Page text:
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From Aji Janis <aji1...@gmail.com>
Subject Re: When to expand vertically vs. horizontally in Hbase
Date Fri, 05 Jul 2013 16:16:42 GMT
I understand that there shouldn't be unlimited number of column families. I
am using this example on purpose to see how it comes into play.


On Fri, Jul 5, 2013 at 12:07 PM, Michael Segel <michael_segel@hotmail.com>wrote:

> Why do you have so many column families (CF) ?
>
> Its not a question on the physical limitations, but more on the issue of
> data design.
>
> There aren't that many really good examples of where you would have
> multiple column families that would require more than a handful of CFs.
>
> When I teach or lecture, the example I use is an order entry system.
>  Where you would have the same key on Order entry, pick slips, shipping,
> and invoice.
>
> That's probably the best example of where CFs come in to play.
>
> I'd suggest that you go back and rethink the design if you're having more
> than a handful.
>
>
>
> On Jul 5, 2013, at 8:53 AM, Aji Janis <aji1705@gmail.com> wrote:
>
> > Asaf,
> >
> > I am using the Genre/Author stuff as an example but yes at the moment I
> > only have 5 column families. However, over time I may have more (no upper
> > limit decided that this point). See below for more responses
> >
> >
> > On Wed, Jul 3, 2013 at 3:42 PM, Asaf Mesika <asaf.mesika@gmail.com>
> wrote:
> >
> >> Do you have only 5 static author names?
> >> Keep in mind the column family name is defined when creating the table.
> >>
> >> Regarding tall vs wide debate:
> >> HBase is first and for most a Key Value database thus reads and writes
> in
> >> the column-value level. So it doesn't really care about rows.
> >> But it's not entirely true. Rows come into play in the following
> >> situations:
> >> Splitting a region is per row and not per column, thus a row will be
> saved
> >> as a whole on a region. If you have a really large row, the region size
> >> granularity is dependent on it. It doesn't seem to be the case here.
> >> Put/Delete creates a lock until finished. If you are intensive on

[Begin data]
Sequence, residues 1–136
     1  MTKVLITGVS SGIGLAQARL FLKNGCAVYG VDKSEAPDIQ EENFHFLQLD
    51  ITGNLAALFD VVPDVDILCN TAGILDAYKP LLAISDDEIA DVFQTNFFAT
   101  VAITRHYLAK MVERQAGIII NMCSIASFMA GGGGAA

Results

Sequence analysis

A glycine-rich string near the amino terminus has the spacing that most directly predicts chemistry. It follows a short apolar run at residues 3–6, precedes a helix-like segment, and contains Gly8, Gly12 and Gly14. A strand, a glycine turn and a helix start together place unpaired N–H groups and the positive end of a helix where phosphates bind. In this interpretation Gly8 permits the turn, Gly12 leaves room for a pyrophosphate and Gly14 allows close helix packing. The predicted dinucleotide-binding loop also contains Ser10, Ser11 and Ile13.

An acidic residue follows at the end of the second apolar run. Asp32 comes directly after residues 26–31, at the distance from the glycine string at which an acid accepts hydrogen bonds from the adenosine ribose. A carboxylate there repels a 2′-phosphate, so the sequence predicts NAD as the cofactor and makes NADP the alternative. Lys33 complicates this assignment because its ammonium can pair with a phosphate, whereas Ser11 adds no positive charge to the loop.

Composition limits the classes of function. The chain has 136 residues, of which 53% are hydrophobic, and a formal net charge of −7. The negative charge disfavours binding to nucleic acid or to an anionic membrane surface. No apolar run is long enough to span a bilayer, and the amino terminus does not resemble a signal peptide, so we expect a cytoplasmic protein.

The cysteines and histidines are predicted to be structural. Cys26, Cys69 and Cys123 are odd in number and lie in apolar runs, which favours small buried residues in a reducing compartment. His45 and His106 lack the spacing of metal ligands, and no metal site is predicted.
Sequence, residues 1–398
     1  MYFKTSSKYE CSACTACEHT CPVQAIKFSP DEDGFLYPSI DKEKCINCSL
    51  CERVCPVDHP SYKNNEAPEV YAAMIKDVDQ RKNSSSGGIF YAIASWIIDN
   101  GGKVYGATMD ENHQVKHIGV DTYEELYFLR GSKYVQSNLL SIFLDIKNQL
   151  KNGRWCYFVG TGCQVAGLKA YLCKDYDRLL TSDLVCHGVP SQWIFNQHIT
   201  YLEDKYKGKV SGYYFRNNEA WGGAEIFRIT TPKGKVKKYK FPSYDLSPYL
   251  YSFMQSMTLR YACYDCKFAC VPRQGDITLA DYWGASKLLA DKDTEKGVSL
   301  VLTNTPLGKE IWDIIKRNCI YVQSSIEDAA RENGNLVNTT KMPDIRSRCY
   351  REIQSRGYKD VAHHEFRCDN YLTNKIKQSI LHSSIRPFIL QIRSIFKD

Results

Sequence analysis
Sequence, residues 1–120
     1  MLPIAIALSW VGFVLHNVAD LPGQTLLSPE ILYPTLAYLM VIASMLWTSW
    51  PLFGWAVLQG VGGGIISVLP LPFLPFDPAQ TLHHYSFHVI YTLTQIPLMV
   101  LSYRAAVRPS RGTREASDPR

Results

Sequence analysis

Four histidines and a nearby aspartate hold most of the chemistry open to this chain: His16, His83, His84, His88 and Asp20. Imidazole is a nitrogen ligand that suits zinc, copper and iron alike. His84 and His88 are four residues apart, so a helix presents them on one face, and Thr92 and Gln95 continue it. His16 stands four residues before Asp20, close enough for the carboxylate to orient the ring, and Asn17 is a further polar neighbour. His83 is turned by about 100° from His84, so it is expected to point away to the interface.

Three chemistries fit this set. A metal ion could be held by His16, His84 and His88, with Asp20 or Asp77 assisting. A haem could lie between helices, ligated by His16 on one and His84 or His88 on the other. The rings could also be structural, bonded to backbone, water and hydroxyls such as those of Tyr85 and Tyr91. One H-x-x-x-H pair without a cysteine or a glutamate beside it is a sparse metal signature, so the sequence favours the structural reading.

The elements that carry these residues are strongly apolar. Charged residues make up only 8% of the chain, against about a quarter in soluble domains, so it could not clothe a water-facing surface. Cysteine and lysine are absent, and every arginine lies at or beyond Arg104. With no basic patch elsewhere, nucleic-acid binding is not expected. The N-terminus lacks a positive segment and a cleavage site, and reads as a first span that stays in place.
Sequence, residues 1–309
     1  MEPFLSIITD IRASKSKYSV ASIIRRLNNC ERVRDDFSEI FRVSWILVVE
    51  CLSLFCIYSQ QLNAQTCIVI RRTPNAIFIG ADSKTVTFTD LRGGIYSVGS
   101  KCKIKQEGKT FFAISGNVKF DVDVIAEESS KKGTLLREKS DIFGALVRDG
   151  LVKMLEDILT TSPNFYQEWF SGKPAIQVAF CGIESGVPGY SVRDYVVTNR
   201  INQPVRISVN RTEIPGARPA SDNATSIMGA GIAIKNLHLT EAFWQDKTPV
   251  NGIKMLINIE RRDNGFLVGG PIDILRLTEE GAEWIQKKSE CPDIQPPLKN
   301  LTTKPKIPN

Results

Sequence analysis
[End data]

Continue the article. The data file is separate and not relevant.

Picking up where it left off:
> inserts
> >> to the same row at the same time, thus might be bad for you, keeping
> your
> >> rows slimmer can reduce contention, but again, only if you make a lot
> >> concurrent modifications to the same row.
> >>
> >
> > I expect batches of Put/Delete to the same row to happen by at most one
> > thread at a time based on user's current behavior. So locking shouldn't
> be
> > an issue. However, not sure if the saving row to a region with enough
> space
> > topic is really an issue I need to worry about (probably because I just
> > don't know much about it yet).
> >
> >
> >> Filtering - if you need a filter which need all the row (there is a
> method
> >> you override in Filter to mark that) than a far row will be more memory
> >> intensive. If you needed only 1/5 of your row, than maybe splitting it
> to 5
> >> rows to begin with would have made a better schema design in terms of
> >> memory and I/O.
> >>
> >
> > Currently, my access pattern is to get all data for a given row. Its
> > possible in the future we may want to apply (family/qualifier) filters.
> > There is a lot of uncertainty on use cases (client side) at this point
> > which is why I am not entirely sure on how things will look months from
> > now. I am not sure I follow this statement
> >
> > "if you need a filter which need all the row (there is a method you
> > override in Filter to mark that) than a far row will be more memory
> > intensive."
> >
> > Can you please explain? Thank you for these suggestions btw, good food
> for
> > thought!
> >
> >
> >>
> >> On Wednesday, July 3, 2013, Aji Janis wrote:
> >>
> >>> I have a major typo in the question so I apologize. I meant to say 5
> >>> families with 1000+ qualifiers each.
> >>>
> >>> Lets work with an example, (not the greatest example here but still).
> >> Lets
> >>> say we have a Genre Class like this:
> >>>
> >>> Class HistoryBooks{
> >>>
> >>> ArrayList<Books> author1;
> >>> ArrayList<Books> author2;
> >>> ArrayList<Books> author3;
> >>> ArrayList<Books> author4;
> >>> ArrayList<Books> author5;
> >>>
> >>> ...}
> >>>
> >>> Each author is a column family (lets say we only allow 5 authors per
> >>> <T>Book class. Book per author ends up being the qualifier. In this
> >> case, I
> >>> know I have a max family count but my qualifiers have no upper limit.
> So
> >> is
> >>> this scenario a case for tall or wide table? Why? Thank you.
> >>>
> >>>
> >>> On Tue, Jul 2, 2013 at 9:56 AM, Bryan Beaudreault
> >>> <bbeaudreault@hubspot.com <javascript:;>>wrote:
> >>>
> >>>> If they are accessed mostly together they should all be a single
> column
> >>>> family. The key with tall or wide is based on the total byte size of
> >> each
> >>>> KeyValue. Your cells would need to be quite large for 50 to become a
> >>>> problem. I still would recommend using a single CF though.
> >>>> —
> >>>> Sent from iPhone
> >>
>
>

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